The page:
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 gama July 27, 2006 05:08

point inside a hexahedron

Does anyone has an algorithm as to how to verify the presence of a point inside or on the surface of hexahedron. I have the following data 1. Coordinates of the point 2. coordinates of the vertices of hexahedron. Regards

 Gerrit July 27, 2006 07:40

Re: point inside a hexahedron

I don't remember exactly, but maybe this helps you to find the solution.

I think you have to do that by comparing volumes.

If your hexahedron has the corners A,B,C,D, E,F,G,H (with E above A) and your point is at point P you may compute the volume of all piramides: PABCD, PCDHG, PDAEH, PABFE, PCBFG, PEFGH and sum them.

If this happens to be equal to the volume of the hexahedron, P must be inside, if it happens to be bigger than the volume of the hexa P must be outside.

Maybe someone can give you a more general formula with vector products that actually compute the same. These must then be made from P to some triangular surface, like ABC, BCD, etc.

Anyway, it may not be the exact general solution, but I think it can be done in this way.

 gama July 27, 2006 08:54

Re: point inside a hexahedron

The problem would be calculating the volume of irregular hexahedron. First place i need to map that to a regular geometry and then calculate the volume, which will not give me an exact volume but an approximate volume. I guess this idea will work for a regular shaped geometry like cube or so but becomes complicated for irregular shaped geometries.

 Gerrit July 27, 2006 09:19

Re: point inside a hexahedron

No, it should work for ANY geometry and you don't need to do any strange mapping or whasoever (if not I would never do it)

If you divide every side of your hexa into two triangles and calculate the volume of the paralelpiped shape, the volume of the pyramide, with a triangular shape, should be something like (1/6)*det(matrix(v1,v2,v3)) (see wolfram web page) where v1, v2 and v3 go from p to point 1,2 and 3 from your triangle. Actually with the determinant you're doing a dot and a vector product.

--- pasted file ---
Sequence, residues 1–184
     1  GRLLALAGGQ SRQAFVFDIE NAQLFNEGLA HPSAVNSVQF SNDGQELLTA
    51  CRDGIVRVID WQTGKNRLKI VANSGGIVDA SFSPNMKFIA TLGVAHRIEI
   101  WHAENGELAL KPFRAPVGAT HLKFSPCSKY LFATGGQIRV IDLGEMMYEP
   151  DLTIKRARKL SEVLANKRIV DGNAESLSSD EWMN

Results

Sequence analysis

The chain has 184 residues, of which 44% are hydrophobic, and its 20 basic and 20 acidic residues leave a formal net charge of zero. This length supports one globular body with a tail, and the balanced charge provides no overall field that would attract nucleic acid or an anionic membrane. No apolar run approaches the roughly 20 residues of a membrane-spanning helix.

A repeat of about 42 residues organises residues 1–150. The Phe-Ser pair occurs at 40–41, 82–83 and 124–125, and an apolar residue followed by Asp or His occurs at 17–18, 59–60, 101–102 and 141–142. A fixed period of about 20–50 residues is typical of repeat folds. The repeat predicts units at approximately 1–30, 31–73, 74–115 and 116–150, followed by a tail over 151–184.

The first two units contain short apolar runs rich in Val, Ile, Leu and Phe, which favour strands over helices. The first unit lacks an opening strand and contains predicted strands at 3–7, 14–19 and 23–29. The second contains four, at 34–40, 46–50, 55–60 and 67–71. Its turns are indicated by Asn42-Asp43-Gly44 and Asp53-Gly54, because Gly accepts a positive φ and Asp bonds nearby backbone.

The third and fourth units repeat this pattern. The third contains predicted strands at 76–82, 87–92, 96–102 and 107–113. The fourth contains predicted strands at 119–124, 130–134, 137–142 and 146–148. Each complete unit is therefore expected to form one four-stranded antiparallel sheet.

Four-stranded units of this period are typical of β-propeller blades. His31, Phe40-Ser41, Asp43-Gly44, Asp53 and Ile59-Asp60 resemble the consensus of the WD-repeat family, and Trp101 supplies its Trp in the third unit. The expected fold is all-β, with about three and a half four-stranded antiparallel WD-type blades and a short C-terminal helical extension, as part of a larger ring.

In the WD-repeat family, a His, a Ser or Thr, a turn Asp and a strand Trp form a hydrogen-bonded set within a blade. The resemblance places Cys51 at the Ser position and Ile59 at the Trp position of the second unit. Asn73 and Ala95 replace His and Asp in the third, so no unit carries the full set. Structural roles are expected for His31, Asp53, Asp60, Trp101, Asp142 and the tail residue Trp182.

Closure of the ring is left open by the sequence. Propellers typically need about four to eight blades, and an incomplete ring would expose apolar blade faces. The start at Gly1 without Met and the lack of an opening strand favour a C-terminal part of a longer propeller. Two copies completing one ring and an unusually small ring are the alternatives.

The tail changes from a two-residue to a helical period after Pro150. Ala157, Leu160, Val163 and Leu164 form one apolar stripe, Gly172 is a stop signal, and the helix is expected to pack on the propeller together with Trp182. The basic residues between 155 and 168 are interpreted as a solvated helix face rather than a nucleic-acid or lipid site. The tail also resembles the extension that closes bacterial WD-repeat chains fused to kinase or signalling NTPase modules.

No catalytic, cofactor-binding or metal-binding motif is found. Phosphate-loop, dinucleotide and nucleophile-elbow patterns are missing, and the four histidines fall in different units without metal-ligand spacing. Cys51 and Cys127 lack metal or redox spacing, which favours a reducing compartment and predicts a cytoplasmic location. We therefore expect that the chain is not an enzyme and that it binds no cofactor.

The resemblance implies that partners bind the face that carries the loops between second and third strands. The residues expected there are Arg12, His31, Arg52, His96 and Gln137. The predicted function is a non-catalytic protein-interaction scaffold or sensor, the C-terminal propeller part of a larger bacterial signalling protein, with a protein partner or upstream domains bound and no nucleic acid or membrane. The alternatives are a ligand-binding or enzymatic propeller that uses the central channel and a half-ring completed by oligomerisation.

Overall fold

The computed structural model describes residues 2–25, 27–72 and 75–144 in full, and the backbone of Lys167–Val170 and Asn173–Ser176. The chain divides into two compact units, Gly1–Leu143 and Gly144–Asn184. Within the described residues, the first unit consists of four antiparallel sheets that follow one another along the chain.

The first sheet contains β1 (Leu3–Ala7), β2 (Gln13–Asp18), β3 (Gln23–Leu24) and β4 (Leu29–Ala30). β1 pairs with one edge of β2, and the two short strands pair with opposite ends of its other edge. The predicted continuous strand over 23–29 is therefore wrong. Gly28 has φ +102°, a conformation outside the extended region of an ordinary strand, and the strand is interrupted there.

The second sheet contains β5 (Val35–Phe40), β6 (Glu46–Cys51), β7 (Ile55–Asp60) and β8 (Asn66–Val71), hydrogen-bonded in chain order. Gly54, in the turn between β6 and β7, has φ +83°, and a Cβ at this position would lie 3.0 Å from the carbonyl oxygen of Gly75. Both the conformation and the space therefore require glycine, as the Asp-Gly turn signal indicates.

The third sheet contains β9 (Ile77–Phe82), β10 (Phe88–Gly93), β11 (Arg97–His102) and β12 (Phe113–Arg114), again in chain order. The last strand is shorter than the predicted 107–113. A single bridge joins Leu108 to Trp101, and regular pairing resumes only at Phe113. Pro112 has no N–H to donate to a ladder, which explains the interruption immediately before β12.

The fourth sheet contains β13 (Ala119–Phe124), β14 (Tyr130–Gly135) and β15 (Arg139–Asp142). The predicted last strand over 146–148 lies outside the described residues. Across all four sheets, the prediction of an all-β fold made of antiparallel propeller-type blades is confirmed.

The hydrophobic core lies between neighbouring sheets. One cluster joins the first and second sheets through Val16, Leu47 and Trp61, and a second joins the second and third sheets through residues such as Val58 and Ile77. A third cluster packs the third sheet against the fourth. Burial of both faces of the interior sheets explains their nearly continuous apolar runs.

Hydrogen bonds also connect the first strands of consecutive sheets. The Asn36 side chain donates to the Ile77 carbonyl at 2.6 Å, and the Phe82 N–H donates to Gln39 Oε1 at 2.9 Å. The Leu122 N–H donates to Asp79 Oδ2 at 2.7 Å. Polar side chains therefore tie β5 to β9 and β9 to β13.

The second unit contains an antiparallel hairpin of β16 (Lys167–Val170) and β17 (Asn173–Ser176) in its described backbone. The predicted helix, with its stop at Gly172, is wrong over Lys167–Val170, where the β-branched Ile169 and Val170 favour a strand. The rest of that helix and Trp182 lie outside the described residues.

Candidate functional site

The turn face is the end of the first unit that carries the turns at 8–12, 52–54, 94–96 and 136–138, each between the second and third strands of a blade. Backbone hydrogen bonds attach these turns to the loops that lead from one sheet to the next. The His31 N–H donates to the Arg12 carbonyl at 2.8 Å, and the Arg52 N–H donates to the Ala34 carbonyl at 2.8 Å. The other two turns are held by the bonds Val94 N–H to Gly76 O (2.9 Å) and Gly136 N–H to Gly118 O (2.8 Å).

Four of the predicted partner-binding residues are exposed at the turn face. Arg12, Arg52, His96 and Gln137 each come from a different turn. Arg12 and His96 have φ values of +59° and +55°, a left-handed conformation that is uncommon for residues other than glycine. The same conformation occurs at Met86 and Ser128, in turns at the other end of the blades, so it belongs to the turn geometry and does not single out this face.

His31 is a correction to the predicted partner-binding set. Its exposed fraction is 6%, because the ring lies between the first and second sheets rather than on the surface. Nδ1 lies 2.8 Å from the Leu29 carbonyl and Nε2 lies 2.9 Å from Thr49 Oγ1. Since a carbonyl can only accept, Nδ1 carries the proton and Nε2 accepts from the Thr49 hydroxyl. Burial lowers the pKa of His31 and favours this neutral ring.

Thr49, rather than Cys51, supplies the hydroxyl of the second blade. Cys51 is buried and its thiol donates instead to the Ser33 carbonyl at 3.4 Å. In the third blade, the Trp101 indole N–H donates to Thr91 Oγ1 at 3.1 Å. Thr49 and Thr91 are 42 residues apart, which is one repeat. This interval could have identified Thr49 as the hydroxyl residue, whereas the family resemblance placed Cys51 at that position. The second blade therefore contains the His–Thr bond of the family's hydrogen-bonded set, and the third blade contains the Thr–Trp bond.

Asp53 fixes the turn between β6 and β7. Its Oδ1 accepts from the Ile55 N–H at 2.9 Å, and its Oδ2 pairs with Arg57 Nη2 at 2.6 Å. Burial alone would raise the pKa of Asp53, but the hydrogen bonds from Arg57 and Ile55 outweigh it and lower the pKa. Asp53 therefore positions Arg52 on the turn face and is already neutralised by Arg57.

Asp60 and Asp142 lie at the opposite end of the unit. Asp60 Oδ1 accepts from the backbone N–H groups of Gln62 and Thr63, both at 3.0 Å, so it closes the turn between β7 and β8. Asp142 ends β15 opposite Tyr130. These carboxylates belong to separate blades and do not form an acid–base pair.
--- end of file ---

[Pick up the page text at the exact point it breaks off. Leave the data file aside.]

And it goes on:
So you could even do this for a whole aeroplane.

 Mani July 27, 2006 15:21

Re: point inside a hexahedron

I guess gama's point was that the tetrahedron method is not necessarily exact. If you triangulate an arbitrary quadrilateral side A-B-C-D of the hexahedron, you are assuming it is piece-wise planar (consisting of two triangles), which doesn't have to be the case.

Anyway, that method will be good enough for most applications (i.e. if the hexahedron is not too irregular). Accuracy will be a concern if the point is very close to a surface or right on the surface.

Then again, you can always define your element as having a piece-wise planar surface (a quadrilateral surface is not uniquely described by four points). Just make sure the surface definition is consistent between neighboring elements. So, triangulation may well be exact, if you define it that way. :)

 Dr.Nick July 28, 2006 00:43

Re: point inside a hexahedron

Calculate 2 volumes of tetrahedron: Vol1=det|v1,v2,v3|. Then calculate vilumes of tetrahedron through the desired point (Vol2) and other points. CMP. If Vol1<Vol2, then it's outside.

 Arambatzis George July 28, 2006 09:06

Re: point inside a hexahedron

I have a different idea. You can transform the general hexahedron to a standard hex ( e.g. -1<=x,y,z<=1 ). Then apply this transformation to the point. If its transformed coordinates are between -1 and 1 then the point belongs to the hexahedron.

I hope I helped.

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